Teamwork Exercise: Discussion of Roles and Responsibilities
A critical issue that can impede the success of teams is a lack of clarity regarding the roles, responsibilities, and expectations of the various agencies and/or individuals who compose its membership. This exercise is designed to assist team members to understand more fully their own roles and responsibilities in relationship to the work of the team, and to provide them with an opportunity to share their expectations about the roles and responsibilities of others.
Because it can be difficult to understand fully the distinction between a role and a responsibility, please keep the following definitions in mind as you move through this exercise.
- Roles — Generally, roles are the positions team members assume or the parts that they play in a particular operation or process. (For example, a role an individual might assume is that of facilitator, or communications liaison).
- Responsibilities — On the other hand, responsibilities are the specific tasks or duties that members are expected to complete as a function of their roles. They are the specific activities or obligations for which they are held accountable when they assume—or are assigned to—a role on a project or team. (For example, some of the responsibilities of a person in the role of team facilitator might include making sure that meeting agendas reflect feedback and input from all members, that the meetings start on time and end on time, and that all members have opportunities to contribute to discussions.)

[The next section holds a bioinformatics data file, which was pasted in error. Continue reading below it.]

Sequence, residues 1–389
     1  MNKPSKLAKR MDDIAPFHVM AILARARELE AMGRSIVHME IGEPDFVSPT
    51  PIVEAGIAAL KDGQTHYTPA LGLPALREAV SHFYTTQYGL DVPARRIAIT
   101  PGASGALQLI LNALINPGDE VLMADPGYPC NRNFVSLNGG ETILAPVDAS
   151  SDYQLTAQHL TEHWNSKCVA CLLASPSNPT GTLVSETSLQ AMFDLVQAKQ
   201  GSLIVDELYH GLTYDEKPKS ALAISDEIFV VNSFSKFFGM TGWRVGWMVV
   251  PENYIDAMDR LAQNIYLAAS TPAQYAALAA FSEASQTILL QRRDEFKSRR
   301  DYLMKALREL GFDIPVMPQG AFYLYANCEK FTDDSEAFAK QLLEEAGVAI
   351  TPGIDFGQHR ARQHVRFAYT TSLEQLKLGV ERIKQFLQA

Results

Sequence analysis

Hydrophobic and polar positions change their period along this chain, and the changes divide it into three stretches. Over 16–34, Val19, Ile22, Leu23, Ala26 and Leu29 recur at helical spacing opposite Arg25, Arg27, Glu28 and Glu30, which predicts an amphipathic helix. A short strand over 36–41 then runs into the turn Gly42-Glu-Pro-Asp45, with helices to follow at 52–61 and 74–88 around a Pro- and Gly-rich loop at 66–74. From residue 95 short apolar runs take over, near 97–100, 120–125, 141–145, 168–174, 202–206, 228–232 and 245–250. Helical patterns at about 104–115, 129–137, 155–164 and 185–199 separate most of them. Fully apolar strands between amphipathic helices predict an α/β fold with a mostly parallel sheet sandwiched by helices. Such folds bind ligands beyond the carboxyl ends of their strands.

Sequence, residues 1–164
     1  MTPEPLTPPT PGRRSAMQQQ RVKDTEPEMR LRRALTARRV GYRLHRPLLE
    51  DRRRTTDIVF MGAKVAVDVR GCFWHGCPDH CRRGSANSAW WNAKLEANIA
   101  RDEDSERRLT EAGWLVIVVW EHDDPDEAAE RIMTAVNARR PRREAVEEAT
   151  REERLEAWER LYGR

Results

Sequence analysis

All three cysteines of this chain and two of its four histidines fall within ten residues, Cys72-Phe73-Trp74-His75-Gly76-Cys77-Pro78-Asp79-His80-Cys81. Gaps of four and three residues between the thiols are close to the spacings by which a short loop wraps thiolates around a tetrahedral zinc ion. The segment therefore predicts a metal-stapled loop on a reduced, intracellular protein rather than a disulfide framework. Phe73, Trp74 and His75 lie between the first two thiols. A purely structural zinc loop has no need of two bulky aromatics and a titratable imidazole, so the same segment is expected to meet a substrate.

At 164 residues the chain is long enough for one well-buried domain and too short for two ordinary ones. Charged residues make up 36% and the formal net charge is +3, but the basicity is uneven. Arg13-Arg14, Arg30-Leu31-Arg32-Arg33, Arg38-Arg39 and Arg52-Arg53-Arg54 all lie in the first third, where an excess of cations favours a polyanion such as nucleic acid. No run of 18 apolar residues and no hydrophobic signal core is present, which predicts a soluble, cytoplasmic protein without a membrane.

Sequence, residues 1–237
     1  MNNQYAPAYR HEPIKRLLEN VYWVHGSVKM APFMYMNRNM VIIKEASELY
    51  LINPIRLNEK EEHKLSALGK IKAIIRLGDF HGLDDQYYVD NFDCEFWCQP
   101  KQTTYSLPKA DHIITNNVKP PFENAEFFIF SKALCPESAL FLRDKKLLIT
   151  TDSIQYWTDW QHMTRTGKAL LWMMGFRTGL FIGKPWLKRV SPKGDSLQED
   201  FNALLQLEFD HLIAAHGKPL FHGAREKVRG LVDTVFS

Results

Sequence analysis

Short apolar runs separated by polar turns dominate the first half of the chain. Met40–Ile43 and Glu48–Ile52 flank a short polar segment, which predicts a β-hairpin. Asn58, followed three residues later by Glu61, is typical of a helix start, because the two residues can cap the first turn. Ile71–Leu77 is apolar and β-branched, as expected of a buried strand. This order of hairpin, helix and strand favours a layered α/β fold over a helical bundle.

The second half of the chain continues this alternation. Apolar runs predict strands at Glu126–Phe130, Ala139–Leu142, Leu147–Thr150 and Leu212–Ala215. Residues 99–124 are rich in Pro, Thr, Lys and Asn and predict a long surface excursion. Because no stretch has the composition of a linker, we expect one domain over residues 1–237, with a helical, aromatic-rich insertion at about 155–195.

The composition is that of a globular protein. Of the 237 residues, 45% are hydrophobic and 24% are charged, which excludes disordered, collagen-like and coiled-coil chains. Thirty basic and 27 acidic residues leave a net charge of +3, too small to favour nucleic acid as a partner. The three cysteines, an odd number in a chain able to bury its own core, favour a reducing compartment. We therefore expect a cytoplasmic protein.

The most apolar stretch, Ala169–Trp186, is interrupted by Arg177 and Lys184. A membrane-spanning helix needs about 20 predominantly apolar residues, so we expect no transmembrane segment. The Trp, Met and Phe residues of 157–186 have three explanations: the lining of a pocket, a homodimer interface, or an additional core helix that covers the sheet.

Generally speaking, there are two types of roles that team members may have. There are formal roles, which are the essential parts or positions that must be filled in order to collectively accomplish the goals of a project or team, and there are also informal roles, which may or may not be required in order to achieve the team’s goals, but that can have an impact—either positive or negative —on the progress of the team.
When we refer to formal roles, we are describing essentially “who” is responsible for “what.” Formal roles are absolutely essential for the success of the team. Obviously, if individual team members do not know what they are expected to do, it is highly unlikely that anything will get done. Again, a lack of clarity around roles and responsibilities is one of the primary reasons that teams fail to produce results. In addition, it is unlikely that members will continue to be interested or invested in a project if they do not know why they are involved or what is expected of them or the other members.